As this is written, we are two months away from the traditional date (April 24) for observing National Arbor Day. For those who love trees and think that they are a critically important part of the environment -- both urban and outside cities -- Arbor Day is an occasion to speak up for trees, hold public events such as tree plantings, and so on. But, especially in the southern U.S. where the hot season is not far behind, Arbor Day is not an optimal time of year for tree planting. Instead, let's call on public officials in our area (the cities of Huntsville and Madison Alabama plus Madison County) to use Arbor Day as an occasion to make a commitment to do more in the spirit of Arbor Day all year long. For instance:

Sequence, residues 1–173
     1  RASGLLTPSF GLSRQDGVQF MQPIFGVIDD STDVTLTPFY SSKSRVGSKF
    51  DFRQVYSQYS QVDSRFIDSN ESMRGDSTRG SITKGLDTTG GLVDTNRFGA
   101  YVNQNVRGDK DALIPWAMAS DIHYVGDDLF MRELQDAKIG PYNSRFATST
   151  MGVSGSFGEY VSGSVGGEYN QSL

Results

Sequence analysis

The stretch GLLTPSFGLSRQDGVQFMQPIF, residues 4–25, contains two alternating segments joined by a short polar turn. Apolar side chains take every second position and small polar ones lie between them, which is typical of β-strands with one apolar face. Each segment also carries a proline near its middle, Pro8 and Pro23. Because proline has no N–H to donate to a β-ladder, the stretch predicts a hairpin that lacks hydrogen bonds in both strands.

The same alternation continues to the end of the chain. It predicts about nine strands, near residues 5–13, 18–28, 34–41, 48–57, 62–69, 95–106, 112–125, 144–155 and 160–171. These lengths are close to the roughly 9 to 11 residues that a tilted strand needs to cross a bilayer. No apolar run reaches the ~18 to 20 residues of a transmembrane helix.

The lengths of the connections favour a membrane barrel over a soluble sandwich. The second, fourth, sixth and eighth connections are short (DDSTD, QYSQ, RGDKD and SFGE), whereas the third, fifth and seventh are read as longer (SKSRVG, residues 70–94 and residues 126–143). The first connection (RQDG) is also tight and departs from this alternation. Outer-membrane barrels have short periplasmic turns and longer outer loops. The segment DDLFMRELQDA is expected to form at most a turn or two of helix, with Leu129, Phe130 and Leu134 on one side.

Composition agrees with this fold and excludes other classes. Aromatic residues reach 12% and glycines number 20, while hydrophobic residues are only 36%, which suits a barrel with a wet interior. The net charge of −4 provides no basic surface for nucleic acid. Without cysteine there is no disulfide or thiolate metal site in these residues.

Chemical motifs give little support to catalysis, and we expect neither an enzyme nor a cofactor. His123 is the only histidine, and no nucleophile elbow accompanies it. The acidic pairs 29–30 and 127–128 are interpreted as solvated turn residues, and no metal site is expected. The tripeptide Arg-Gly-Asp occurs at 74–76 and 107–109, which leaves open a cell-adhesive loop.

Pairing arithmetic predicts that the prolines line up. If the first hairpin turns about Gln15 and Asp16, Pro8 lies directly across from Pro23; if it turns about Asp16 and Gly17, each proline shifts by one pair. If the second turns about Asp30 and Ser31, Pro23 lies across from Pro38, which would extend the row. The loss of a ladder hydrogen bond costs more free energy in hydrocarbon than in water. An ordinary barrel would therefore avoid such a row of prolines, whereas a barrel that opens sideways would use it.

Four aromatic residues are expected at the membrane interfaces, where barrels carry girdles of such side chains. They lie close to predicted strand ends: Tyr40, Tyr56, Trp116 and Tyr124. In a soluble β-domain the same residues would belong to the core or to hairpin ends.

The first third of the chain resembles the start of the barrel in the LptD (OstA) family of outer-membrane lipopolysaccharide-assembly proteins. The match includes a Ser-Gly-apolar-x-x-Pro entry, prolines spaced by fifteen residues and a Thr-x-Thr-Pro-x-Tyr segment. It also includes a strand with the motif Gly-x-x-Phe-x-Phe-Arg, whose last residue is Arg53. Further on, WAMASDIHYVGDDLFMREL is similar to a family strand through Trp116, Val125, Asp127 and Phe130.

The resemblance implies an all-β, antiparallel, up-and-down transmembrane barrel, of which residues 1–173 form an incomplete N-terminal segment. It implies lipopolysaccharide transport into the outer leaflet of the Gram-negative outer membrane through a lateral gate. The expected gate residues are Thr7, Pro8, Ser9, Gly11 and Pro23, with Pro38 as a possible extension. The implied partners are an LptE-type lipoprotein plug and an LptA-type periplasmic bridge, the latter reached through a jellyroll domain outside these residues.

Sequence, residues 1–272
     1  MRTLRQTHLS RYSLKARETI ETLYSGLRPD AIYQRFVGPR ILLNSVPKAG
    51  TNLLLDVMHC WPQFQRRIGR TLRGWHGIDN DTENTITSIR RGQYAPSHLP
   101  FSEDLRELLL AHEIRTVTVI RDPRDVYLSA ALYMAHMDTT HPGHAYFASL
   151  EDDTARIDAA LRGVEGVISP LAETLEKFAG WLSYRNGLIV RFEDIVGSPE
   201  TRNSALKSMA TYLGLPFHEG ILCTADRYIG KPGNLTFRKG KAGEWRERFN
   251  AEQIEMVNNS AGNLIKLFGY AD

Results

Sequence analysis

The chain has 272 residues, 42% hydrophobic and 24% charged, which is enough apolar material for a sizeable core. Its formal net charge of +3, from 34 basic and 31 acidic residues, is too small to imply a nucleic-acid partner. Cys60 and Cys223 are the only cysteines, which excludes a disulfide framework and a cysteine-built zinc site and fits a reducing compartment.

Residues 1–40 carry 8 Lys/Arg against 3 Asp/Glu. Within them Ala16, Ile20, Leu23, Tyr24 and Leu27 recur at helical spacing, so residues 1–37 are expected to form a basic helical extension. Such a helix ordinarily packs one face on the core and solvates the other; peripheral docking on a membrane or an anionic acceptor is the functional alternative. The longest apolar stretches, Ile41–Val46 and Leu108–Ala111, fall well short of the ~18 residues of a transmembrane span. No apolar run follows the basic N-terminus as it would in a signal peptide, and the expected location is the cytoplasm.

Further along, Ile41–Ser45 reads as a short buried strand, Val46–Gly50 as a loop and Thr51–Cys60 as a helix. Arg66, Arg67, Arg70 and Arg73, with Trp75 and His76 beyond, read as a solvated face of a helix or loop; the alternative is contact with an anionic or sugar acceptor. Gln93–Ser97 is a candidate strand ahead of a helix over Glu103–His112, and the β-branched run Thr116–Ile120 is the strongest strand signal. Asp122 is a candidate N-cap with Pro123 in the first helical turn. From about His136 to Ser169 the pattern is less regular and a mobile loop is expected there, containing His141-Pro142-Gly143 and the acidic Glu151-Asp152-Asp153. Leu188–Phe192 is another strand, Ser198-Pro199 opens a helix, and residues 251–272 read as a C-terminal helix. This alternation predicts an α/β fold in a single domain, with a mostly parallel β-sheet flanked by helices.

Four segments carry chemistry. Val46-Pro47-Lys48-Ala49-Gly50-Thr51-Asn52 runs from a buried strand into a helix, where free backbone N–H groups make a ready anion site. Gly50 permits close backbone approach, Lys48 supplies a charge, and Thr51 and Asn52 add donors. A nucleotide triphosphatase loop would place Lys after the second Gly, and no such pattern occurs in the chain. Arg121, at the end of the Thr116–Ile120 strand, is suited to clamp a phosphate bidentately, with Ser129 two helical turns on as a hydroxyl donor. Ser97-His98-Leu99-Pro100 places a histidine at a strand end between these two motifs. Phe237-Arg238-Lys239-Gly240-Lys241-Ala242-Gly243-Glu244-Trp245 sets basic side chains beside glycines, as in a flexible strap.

* Allocate more funding for protection and replacement of shrinking urban forests;
* Strengthen municipal ordinances relating to trees;
* Support and listen to governmental entities such as the Huntsville Tree Commission, and the municipal beautification boards;
* Participate in the global 1 Trillion Trees Initiative.
Future generations will be grateful for actions such as these.
We urge elected officials to PRIORITIZE TREES as one of the key elements for making and keeping our cities beautiful, healthful and pleasant places to live. That is why observance of Arbor Day in the United States began nearly 150 years ago.